US soldiers departing from Iraq. (file photo)
The United States Defense Department may have to force soldiers, Marines or other members of the military out of the services to meet spending reductions in its budget proposal.
According to the proposed budget plan presented to the US congress, the Pentagon plans to cut 67,100 soldiers from active and reserve Army units and the Army National Guard, as well as 15,200 from the active and reserve ranks of the Marine Corps.
Travis Sharp, a member of the Center for a New American Security, who attended a Pentagon briefing for analysts, last month, says the US military will first try buying out contracts or offering bonuses for people to leave.
“What they told us is that they will try to use those types of positive incentives to the greatest extent possible, but that involuntary separations would probably still be necessary,” Sharp said.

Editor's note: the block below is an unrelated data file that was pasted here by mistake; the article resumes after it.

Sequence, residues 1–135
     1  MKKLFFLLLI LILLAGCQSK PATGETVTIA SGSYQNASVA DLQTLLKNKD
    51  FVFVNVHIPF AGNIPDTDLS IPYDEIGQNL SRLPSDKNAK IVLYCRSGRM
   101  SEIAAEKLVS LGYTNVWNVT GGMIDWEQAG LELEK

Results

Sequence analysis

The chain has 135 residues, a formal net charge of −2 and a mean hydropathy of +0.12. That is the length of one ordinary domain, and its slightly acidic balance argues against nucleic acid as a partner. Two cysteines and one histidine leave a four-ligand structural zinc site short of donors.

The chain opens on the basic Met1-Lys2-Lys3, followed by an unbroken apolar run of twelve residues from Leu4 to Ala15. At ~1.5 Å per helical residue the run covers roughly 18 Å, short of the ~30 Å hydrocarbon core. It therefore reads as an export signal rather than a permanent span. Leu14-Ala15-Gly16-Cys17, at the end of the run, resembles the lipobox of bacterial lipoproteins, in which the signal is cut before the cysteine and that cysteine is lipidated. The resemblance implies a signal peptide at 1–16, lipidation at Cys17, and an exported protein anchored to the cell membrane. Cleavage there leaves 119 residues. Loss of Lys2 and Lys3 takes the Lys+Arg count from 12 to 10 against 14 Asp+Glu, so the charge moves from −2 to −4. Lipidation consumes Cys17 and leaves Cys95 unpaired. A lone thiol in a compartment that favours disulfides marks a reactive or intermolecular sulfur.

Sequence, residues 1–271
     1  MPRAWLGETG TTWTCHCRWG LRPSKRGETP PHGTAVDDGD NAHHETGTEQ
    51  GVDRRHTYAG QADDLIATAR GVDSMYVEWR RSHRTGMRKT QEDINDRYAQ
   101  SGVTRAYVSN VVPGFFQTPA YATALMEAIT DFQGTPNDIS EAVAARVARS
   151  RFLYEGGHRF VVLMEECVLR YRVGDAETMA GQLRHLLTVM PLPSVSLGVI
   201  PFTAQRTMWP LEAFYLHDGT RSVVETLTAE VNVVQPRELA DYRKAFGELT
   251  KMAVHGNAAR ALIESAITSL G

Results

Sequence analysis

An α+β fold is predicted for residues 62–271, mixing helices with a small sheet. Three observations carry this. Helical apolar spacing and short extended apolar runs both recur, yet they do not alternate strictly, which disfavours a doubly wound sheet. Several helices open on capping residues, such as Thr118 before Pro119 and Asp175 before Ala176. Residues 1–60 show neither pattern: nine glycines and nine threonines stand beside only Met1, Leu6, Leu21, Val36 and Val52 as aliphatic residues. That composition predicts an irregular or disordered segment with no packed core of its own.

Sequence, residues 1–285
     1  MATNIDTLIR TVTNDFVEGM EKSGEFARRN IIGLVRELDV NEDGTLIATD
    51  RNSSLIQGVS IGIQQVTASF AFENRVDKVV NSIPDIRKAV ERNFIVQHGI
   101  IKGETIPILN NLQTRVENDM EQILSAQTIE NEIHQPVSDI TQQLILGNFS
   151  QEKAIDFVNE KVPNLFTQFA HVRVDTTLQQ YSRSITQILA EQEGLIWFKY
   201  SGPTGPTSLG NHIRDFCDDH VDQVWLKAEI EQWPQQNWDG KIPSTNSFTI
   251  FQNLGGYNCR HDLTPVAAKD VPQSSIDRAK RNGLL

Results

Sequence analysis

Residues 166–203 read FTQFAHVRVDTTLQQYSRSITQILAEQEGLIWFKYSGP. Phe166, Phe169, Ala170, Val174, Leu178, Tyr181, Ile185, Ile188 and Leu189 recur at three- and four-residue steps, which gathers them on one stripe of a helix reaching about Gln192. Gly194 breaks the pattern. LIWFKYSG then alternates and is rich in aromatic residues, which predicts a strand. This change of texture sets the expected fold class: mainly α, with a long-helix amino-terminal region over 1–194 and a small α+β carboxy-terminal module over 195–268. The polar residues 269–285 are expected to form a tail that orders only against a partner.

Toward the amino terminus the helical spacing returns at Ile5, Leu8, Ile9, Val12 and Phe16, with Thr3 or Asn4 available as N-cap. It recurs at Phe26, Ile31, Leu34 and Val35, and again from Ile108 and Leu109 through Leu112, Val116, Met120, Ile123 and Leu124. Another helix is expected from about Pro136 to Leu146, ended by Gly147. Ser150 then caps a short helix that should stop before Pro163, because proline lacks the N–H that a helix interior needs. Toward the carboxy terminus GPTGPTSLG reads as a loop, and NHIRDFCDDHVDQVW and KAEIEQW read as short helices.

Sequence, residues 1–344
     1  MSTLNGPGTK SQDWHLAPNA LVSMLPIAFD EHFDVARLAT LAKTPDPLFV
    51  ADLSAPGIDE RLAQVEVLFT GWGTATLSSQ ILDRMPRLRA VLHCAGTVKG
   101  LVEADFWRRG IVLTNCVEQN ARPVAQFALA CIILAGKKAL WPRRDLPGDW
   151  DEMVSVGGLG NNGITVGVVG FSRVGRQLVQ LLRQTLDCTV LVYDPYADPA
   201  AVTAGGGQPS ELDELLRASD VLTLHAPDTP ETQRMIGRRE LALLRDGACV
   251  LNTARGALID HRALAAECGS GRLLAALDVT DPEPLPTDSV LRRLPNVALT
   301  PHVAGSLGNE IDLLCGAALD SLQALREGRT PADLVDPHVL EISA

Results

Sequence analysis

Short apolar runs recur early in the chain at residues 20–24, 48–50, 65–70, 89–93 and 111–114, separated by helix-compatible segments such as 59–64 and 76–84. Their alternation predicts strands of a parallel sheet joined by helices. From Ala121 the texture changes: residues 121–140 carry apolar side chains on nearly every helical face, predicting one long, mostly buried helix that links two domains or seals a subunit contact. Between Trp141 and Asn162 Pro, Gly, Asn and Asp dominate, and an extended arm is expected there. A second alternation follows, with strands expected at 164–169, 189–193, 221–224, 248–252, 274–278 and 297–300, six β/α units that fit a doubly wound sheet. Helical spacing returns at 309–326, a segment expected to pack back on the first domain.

“You are kicking people out of the military at a time when unemployment is not only a major challenge, it is also a primary factor in the upcoming presidential election,” he added.
Pentagon has backed the US President Barack Obama's military spending plan, which features a shift in strategic focus to the Asia Pacific region. The US Navy and Air Force would lose fewer people, 8,600 and 1,700 respectively, because of their role in the strategic shift.
The US Congress requires the Pentagon to cut 487 billion dollars from the defense budget over the next 10 years, 259 billion dollars will be cut in the first five years (2013 to 2018).